The first four weeks of my Scientific Inquiry–Theory & Inference course covers being successful in graduate school, human knowledge (ontology/epistemology, and what is science?), and week one of the theory section explores the purpose of theory. Week five provides two building blocks for theory: Concepts / Conceptualization, and Assumptions & Logical Implications. We establish during week four that the course limits its attention to theory developed to explain why stylized facts occur, which is to say provide accounts of the processes that produce stylized facts.
Framing Discussion; A Historical Digression on Education in the US; and Audience, Audience, Audience
To kickoff seminar I told them that I wanted them to have a 45 minute discussion among themselves (I just listen and take notes) focusing some attention on the ontological / epistemological assumptions they believed the various authors were (implicitly) adopting. Then I offered what I thought would be a quick digression.
I assign a fair amount of reading from Cohen & Nagel (1934) in the course, and if you have never read it, their presentation is pretty interesting. And it occurred to me prior to class that I should not assume that many of the students have much context in which to read the work, which is definitely a produce of its time because: Audience, Audience, Audience.
So I explained to them that the book was an undergraduate textbook and that they should bear in mind that Cohen & Nagel could assume that their readers’ high school education drew strongly on the Great Books tradition of the Western canon, especially as taught in New England’s prep schools. Well, you might think that I would have reflected on the probability that “the Great Books tradition of the Western canon, especially as taught in New England’s prep schools” is pretty foreign to them, and that a non-trivial portion of them may not even know the movie The Dead Poet’s Society (which is, of course, a caricature as well as a morality tale). But I didn’t.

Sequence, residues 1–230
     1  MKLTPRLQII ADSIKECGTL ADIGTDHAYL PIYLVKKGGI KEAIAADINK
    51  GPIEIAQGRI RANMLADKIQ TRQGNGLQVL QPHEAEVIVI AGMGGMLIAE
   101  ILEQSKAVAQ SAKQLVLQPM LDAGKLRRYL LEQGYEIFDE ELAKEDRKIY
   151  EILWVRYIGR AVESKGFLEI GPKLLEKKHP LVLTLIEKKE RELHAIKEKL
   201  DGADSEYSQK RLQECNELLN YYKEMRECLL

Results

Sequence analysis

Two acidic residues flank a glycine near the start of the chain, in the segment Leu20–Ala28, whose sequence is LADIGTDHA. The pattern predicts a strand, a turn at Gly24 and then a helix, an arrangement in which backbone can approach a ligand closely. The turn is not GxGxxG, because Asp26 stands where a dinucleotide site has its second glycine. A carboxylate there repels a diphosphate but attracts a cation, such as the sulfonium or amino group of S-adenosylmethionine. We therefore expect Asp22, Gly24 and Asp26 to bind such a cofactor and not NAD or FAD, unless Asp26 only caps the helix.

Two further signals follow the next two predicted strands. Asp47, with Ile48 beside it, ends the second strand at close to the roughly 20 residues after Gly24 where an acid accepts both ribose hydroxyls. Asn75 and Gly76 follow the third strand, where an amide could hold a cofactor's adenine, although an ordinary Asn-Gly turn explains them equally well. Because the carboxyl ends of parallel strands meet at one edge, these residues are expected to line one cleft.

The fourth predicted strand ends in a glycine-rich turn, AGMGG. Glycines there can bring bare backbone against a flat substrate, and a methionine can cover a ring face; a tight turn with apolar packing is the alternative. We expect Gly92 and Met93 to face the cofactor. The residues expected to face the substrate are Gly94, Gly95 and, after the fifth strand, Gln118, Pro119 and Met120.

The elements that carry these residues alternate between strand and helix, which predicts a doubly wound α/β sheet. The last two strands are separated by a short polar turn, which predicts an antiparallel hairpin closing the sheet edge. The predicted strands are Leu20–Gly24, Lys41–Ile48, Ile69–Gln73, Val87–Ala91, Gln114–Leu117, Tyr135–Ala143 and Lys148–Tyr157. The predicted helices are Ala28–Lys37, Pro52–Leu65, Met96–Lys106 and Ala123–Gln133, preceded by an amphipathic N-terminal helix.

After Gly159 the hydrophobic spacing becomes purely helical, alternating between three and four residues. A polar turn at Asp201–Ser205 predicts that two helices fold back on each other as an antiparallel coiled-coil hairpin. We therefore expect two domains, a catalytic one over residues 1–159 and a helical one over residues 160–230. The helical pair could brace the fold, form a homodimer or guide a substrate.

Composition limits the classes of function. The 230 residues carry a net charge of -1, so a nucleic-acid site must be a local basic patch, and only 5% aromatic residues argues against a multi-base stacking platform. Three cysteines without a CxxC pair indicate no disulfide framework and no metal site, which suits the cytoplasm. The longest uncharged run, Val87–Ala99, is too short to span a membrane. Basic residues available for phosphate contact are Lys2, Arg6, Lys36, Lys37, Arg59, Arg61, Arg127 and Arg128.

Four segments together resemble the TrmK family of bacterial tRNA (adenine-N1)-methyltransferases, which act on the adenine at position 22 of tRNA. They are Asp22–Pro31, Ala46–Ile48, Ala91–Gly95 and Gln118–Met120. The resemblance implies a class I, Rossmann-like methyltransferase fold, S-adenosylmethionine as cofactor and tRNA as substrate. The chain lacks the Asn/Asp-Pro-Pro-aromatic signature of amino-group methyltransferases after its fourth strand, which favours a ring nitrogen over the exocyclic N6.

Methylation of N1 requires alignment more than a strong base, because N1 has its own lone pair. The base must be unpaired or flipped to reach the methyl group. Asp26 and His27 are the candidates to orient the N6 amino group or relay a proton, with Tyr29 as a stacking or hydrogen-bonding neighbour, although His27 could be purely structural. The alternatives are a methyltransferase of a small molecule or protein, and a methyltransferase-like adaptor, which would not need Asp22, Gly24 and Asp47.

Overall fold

And a student interjected that she found the authors’ assumption that the reader was familiar with all the stories from antiquity very off putting, and found the book irritating. And I thought: “Teaching Moment.” And noted that they were in the PhD program to transition from knowledge consumers to producers and teachers and put them in the shoes of Cohen & Nagel by pointing out that they would soon have their own classrooms, and just as the first principle of real estate is Location, Location, Location, the first principle of public presentation of one’s ideas is Audience, Audience, Audience. And while the “the Great Books tradition of the Western canon” was exclusionary, ethnocentric, etc., it made writing textbooks much easier, and they could really see that in action in Cohen & Nagel. I encouraged them to reflect, for a moment, upon what they could assume their students would know (pointing out that six years ago, the youngest among them was 12, and probably not terribly engaged in public life beyond popular culture).
Well, hands shot up, and I realized I had shot myself in the foot vis-a-vis discussion of the assigned reading. D’oh! But, a teaching moment is a teaching moment, and that there are lots of goals to pursue in this course, and nowhere near enough time to pursue them all (much less do so well). So I rolled with the moment.
When I took back the reins of discussion after a brief break I began by observing that this week we stood zero chance of covering all of the issues addressed in the reading, much less exploring those that arose during the course of our discussion. That is a chronic feature of all seminars, but felt especially true that night, given the teaching moment digression and its impact on discussion.
I have them read the first 10 pages of Blalock’s 1969 undergraduate text Theory Construction, and Shively’s undergrad text discussion of the “Importance of Dimensional Thinking.” That sets them up to consume Barton’s 1955 chapter “The Concept of Property-Space in Social Research.”
Cohen & Nagel (1934) discuss “Terms: Their Intension and Extension,” “The Significance of Classification,” and “Rules for Definitions” (pp. 30-33, 223-33, 238-44), and Bailey discusses classification in his Sage monograph, Typologies and Taxonomies, (pp. 1-6, 11-16).